While I don't doubt that Mark's statement that the /d/ in "medal" and the /t/ in "metal" "wouldn't technically become flaps or taps, because the following syllabic /l/ keeps the blade of the tongue pressed against the palate" is true for most Americans, it most certainly is not true for me, and I can't help but wonder if it might not have been true for the writer of the the comment he is referring to. For me the second syllable of either word is not a syllabic /l/ (it's more like an unrounded [o]), and since the tongue doesn't stay against the palate, the t/d does indeed become a flap for me. I could easily see the writer of that comment doing something similar with his/her pronunciation of "medal" and "metal" and not realizing that his/her accent is not typical for Americans in this regard.

  48. TR said,

    November 28, 2013 @ 12:27 am

    But they wouldn't technically become flaps or taps, because the following syllabic /l/ keeps the blade of the tongue pressed against the palate.

    How does that make it not a flap? Ladefoged's Course in Phonetics says that "A tap or flap is caused by a single contraction of the muscles so that one articulator is thrown against the other"; Wiki adds "The main difference between a flap and a stop is that in a flap, there is no buildup of air pressure behind the place of articulation". These descriptions seem equally true of the sound in metal as of that of metaphor. And John Wells mentions battle as an example of a tap with a lateral release.

  49. Ellen K. said,

    November 28, 2013 @ 12:35 am

    @Sybil. Yes, it's easy to tell that The Beatles are singing "Paperback Writer" (not rider). But it's got nothing to do with vowel length. It's music… vowel length is determined by the note length. No, what makes it easy to tell is context, plus the fact that they, who are British, pronounce the T with a quite clear T sound. http://www.youtube.com/watch?v=taADLPtyDb0

  50. kkm said,

    November 28, 2013 @ 12:56 am

    I would not unquestionably accept Krugman's explanation of his error as the only possibility. Many typos have the form of letters jumping over from neighboring words. To get an illustration, google for "bell beppers" (5K+ ghits) and "pell peppers" (700 ghits). Neither has any basis in phonetics, of course.

  51. Narmitaj said,

    November 28, 2013 @ 1:51 am

    @ Ken Brown: Old joke or observation: when an American says "water" Brits hear it as "wodder". When an English English speaker says it, Americans hear "wawuh".

    I was in a restaurant in LA with a fellow Brit, who asked for some water (with a distinct 't', not a glottal stop). The waitress said "Whaddya want? Mustard?"

    [(myl) And then there's the RP speaker named "Peter" whose American acquaintances wondered why he had the eccentric name "Pizza".]

  52. Plane said,

    November 28, 2013 @ 7:38 am

    As an adult, I learned about a distinction between "clear /l/" and "dark /l/". I grew up near Chicago, and I came to the conclusion that I lacked a "clear /l/" at all, and I was assured that this was quite normal for people in my region. But then I learned that even in a dark /l/, the tip or blade of the tongue is supposed to touch the roof of my mouth–something I never learned to do, and in fact I find quite difficult! As far as I can tell, I only ever have what Wikipedia calls secondary articulation–either velar or pharyngeal–in my /l/.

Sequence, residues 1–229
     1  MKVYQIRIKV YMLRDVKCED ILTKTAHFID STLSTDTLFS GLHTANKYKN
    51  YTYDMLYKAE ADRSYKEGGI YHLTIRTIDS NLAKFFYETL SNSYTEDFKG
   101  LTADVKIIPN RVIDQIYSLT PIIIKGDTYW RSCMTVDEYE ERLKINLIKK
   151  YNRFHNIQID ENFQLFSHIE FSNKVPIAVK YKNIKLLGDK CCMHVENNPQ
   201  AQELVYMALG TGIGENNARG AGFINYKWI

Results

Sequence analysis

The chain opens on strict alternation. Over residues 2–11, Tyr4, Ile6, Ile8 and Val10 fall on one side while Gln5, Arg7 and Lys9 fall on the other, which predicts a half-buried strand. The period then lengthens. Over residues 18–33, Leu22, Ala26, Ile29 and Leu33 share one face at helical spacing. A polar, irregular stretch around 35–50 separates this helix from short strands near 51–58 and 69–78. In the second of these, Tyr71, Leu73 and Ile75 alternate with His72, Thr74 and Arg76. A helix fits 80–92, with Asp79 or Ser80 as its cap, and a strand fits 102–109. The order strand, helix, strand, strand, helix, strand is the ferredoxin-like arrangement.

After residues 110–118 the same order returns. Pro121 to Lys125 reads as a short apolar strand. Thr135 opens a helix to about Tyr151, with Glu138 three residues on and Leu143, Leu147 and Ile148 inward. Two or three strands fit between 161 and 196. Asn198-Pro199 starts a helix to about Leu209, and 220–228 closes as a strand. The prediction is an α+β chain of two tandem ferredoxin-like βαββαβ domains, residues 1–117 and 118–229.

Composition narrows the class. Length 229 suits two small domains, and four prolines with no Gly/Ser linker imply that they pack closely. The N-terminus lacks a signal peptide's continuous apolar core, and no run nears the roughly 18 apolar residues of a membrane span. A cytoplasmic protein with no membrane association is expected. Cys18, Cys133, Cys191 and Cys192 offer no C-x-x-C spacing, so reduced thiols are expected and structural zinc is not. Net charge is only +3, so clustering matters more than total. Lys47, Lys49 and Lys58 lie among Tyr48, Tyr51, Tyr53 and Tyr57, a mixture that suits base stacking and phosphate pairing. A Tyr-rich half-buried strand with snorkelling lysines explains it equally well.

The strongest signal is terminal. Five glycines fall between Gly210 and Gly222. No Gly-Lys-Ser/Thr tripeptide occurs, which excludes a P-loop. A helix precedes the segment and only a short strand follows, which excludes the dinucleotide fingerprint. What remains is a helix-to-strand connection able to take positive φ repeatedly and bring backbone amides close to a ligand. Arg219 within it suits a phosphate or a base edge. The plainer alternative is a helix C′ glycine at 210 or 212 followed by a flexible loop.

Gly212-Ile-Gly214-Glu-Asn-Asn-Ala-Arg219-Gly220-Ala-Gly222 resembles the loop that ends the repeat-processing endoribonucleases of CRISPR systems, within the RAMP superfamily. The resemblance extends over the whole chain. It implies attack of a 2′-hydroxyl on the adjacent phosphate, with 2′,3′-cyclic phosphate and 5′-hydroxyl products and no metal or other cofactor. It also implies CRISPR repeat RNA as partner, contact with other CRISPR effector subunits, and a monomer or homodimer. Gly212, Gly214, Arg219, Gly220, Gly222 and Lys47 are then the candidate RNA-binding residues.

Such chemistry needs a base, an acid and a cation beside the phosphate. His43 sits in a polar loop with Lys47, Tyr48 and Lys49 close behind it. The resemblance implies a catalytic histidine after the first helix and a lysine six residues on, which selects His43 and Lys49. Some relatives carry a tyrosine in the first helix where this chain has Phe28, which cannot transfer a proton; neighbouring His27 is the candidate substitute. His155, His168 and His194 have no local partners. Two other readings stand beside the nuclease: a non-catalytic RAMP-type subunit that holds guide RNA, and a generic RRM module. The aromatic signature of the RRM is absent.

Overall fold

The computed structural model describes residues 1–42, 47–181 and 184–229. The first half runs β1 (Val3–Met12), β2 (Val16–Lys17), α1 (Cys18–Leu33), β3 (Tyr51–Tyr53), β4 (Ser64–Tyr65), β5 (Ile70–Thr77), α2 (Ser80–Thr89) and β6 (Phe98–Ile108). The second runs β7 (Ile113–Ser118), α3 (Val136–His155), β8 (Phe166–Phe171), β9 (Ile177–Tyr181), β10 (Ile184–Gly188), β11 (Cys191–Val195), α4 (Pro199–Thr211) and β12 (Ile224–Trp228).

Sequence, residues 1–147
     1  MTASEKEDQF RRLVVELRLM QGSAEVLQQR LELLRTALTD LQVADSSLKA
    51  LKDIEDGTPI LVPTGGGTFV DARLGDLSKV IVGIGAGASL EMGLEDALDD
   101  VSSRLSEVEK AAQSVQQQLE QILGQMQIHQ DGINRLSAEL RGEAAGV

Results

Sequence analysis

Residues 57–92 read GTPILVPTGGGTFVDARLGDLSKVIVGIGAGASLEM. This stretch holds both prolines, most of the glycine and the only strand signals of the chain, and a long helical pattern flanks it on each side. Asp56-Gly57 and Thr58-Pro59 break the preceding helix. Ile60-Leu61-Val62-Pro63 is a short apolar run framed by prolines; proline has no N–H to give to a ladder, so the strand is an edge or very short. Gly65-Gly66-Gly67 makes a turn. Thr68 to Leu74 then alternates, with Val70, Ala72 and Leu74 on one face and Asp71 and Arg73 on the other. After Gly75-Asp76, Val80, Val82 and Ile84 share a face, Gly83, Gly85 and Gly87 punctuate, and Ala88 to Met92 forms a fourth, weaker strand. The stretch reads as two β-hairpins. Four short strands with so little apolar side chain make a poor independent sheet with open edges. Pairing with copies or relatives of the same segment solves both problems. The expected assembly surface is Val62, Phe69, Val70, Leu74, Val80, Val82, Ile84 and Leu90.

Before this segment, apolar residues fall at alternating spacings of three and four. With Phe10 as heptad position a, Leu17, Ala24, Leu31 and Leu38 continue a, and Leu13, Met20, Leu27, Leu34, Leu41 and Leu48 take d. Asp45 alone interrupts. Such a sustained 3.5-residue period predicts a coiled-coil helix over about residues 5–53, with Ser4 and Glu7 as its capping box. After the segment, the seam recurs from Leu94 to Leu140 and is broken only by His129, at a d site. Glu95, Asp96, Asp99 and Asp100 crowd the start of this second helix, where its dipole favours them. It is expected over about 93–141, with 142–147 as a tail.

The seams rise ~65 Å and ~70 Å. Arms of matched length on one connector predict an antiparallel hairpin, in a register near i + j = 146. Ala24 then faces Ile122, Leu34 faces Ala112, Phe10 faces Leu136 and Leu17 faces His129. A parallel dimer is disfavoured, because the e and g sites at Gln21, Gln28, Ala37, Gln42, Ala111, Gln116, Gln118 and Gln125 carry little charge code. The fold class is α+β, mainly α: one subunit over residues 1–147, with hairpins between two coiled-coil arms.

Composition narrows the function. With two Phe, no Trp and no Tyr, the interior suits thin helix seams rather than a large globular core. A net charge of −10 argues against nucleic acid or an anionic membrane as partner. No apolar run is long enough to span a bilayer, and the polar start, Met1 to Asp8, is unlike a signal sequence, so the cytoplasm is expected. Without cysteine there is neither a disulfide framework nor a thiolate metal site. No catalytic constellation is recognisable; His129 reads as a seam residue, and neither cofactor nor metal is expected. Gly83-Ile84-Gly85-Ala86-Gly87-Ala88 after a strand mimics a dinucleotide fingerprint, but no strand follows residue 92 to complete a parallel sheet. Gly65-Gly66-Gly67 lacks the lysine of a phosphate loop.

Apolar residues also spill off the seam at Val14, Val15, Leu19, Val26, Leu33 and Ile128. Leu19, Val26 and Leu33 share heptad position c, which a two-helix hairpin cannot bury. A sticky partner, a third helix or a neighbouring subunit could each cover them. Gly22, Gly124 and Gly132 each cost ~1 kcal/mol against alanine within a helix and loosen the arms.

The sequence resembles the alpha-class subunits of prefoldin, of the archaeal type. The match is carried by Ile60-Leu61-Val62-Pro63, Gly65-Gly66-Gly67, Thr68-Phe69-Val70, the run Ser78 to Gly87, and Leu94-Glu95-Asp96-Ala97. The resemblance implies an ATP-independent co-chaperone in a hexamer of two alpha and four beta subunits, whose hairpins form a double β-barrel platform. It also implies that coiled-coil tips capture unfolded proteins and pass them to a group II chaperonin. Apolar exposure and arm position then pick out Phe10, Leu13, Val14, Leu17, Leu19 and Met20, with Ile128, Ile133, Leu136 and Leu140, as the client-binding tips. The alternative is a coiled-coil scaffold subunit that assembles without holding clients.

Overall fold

I feel like I do flap the /d/ in metal / medal, and if I'm not mistaken about this point, then I wonder if it's because of how I pronounce /l/. In many words, I can consciously use the tip of my tongue when I articulate /l/, although I feel quite silly doing so–but in the case of metal / medal, I can't figure out how it's done, even when I'm being slow and careful!

  53. Jens Ørding Hansen said,

    November 28, 2013 @ 8:40 am

    In the Longman Pronunciation Dictionary (3rd ed.) there's an AmE preference poll regarding [nju:] vs. [nu:]. 86% of respondents preferred [nu:].

  54. john taylor said,

    November 28, 2013 @ 8:52 am

    Perhaps he meant petal to the meddle?

  55. Rhodent said,

    November 28, 2013 @ 8:56 am

    @Plane: It sounds like your post-vowel /l/ is similar to mine which I described in an earlier post. I may be able to help you figure out how to articulate the /l/ in "medal" and "metal". Basically, what you want to do is pronounce the word like you normally would, except when you touch the palate to pronounce the t/d, leave your tongue touching the palate for the rest of the word.

    Also, I'm curious: what do you do when you pronounce the word as part of a phrase where the next sound is a vowel? For example, how do you pronounce "medal of honor"? For me, the /l/ reappears, with the result that my tongue touches my palate twice (once for the /d/, then a second time for the /l/). Do you do this, or does the /l/ come out more like a /w/ in those circumstances?

  56. Tom Stickler said,

    November 28, 2013 @ 9:10 am

    The is no confusion between "wood of" and "would have".

    Perhaps the confusion is between "wood of" and "would've", the contraction.

  57. GeorgeW said,

    November 28, 2013 @ 9:32 am

    @Jens Ørding Hansen: I think I read somewhere that there is a generational thing with those over 30 tending toward [nju:] and those under 30, [nu:]. I am in the [nju:] generation.

  58. Jake said,

    November 28, 2013 @ 9:57 am

    If the distinction between /t/ and /d/ is neutralized between a stressed vowel and a following unstressed vowel, how come I sometimes come across Americans who usually say, e.g., "abili[ɾ]y", but occasionally say "abili[t]y". Yet I don't think these same people would ever say, e.g., "rea[t]er" (for "reader"). Are these people part of the minority of Americans who do have an underlying distinction between those two phonemes in that environment? I'm not a linguist, so I hope that made sense.